Money. People die over it, crimes committed in pursuit of it, and is one of the most universally recognizable concepts. Not enough of it can lead people to do immoral things, and too much of it can lead to one being disconnected with society.
My relationship with money has always been one of duality: it can be used to bring happiness to yourself and others as well as induce stress and strife in your life. Let me explain what I mean by this in the following paragraphs.
Recently, $400 caused me severe grief, the cost of two replaced tires from me being a terrible driver and puncturing a sidewall. So bad in fact, I didn’t come home that night and stayed with a friend as it was just so much I could not handle being in these four walls. But later on, this same dollar amount brought me to a place in Tiger, Georgia that was probably one of the most eye opening and life changing experiences I have ever been through.
Before I had an income of any kind, all I saw was how money could bring you down. If my parents weren’t yelling at me or my sister for grades or whatever it was, money was the frequent “discussion” as they’d like to put it.
We lived (and still do) live a very comfortable life, firmly placed in the typical middle class family. While our house is on the smaller side, it’s in a good neighborhood, suitable for the four of us, one dog, and two cars.
Now that I have a part-time income online and working cashier at a fast food restaurant, I can now see the liberating and positive effects of money. As an independent person relying on my parents has always been something that’s never really sat well with me, and this feeling has only amplified as I’ve gotten older. Having my own income has allowed me to partially detach, and be able to take care of some of my own needs.
Having money has allowed me to explore new things, places, foods, and with new people. Having my own money has allowed me to make (and lose) money in Bitcoin and other cryptocurrencies, giving me the necessary capital to start up my own small business mowing lawns and such, as well as the ability to take up dancing, one of my new found passions.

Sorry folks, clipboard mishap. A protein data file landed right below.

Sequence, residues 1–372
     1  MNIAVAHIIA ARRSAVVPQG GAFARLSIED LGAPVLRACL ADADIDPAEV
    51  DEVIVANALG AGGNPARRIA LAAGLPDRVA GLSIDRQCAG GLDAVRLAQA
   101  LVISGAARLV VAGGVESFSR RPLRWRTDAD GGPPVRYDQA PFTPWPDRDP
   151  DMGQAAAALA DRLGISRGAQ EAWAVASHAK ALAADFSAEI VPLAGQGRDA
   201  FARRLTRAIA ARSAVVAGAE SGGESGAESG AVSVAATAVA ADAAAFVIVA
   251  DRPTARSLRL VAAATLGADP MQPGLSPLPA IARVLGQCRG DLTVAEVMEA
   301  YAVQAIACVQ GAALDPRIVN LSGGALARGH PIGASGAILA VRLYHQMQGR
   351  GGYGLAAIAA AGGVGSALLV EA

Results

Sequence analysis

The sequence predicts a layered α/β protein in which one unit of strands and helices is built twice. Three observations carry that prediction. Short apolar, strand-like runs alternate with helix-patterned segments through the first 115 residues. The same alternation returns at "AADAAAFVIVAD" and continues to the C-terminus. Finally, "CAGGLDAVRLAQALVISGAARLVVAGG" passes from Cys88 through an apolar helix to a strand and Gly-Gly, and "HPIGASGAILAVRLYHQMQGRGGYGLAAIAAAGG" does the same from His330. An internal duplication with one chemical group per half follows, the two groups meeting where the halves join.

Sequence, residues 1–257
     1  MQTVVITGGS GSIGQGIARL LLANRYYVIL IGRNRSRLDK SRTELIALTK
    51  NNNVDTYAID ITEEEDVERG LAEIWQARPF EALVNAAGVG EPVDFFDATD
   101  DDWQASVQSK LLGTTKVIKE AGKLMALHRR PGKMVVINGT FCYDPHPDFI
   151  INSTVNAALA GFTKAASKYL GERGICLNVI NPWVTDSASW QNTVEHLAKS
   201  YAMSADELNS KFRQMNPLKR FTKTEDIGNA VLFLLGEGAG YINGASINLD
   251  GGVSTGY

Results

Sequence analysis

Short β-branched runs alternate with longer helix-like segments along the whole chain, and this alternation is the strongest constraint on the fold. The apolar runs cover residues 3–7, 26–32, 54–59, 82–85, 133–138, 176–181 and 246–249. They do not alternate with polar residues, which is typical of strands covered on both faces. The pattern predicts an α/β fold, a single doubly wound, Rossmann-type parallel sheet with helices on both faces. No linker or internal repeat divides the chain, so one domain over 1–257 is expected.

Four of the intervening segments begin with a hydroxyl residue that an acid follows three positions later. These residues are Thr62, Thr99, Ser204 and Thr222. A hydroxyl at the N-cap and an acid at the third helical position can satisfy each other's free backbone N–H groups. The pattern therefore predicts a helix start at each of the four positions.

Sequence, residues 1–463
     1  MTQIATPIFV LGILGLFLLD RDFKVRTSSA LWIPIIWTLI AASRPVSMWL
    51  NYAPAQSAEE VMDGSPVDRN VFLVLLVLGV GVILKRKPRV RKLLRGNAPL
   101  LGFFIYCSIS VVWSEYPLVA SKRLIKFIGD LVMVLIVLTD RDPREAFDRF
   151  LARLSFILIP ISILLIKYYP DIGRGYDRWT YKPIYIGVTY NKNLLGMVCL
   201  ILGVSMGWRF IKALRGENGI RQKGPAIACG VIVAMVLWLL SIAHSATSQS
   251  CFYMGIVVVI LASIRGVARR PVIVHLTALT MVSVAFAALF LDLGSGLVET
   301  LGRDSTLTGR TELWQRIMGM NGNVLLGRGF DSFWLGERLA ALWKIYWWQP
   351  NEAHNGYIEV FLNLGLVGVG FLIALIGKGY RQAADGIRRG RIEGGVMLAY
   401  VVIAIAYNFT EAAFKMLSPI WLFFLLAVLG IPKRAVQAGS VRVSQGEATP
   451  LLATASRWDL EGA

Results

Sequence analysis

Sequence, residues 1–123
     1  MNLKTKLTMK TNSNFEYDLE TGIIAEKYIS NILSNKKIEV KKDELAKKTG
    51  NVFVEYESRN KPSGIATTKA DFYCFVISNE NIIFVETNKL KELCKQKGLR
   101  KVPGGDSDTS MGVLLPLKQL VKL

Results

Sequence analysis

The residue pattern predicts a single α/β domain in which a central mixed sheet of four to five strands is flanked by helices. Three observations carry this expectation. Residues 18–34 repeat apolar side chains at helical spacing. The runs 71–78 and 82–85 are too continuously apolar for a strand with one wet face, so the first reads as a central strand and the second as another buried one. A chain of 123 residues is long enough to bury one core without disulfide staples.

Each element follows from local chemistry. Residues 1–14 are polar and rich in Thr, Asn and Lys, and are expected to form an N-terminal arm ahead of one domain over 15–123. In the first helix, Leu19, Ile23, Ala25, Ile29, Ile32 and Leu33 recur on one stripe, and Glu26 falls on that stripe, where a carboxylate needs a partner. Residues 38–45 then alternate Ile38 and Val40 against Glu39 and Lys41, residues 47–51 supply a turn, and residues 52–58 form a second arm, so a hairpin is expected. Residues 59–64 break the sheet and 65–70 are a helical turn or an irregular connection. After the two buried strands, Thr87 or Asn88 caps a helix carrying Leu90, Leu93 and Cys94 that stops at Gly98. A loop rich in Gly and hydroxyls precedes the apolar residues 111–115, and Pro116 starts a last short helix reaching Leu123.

Travelling has always been one of my passions, and it is my goal to travel the world as extensively as I can. Well of course for that, you need money too. It’s allowed me to fly and see my childhood friend that have moved away due to different situations, and meet new ones along the way too. God gave us this beautiful planet, and I plan on seeing as much of it as I can.
As I was referring to earlier, the “experience” in Tiger, Georgia came to me in a week long Catholic summer camp. Coming in, I was more of a Catholic by name, rather than action. While you could blame it on my upbringing (discussed in a later post), I knew very little about Catholicism besides standing up and down at Mass. Long story short, I came out on the other side happier, more at peace, and being open to a religious vocation later in life. Without those four Benjamins, I would have never been able to experience this.
So what do I think about money? I think it has great potential for both good and bad. It’s up to the individual person to make choices in their best interest. Material purchases only result in a temporary dopamine release, purchases made on experiences or skills are much more fulfilling. (Another potential blog post, on minimalism and materialism). Money is simply the common language that everyone speaks, so what works for one person may not work for you.
One should not just follow the status quo and try to fill the void of happiness in their life by compulsively purchasing material objects. Without going too off topic, this never brings long term happiness and tends to bring an opposite effect on the consumer.
Sorry for the late post guys! I’ll post a short update in the next couple days of why I’ve been gone for so long, but it essentially boils down to Christmas, New Year, and being slow to get back into the swing of things.
Relatable? Just thought it was plain good? Comment below your thoughts, feel free to share and hit that heart for me. Asian Out.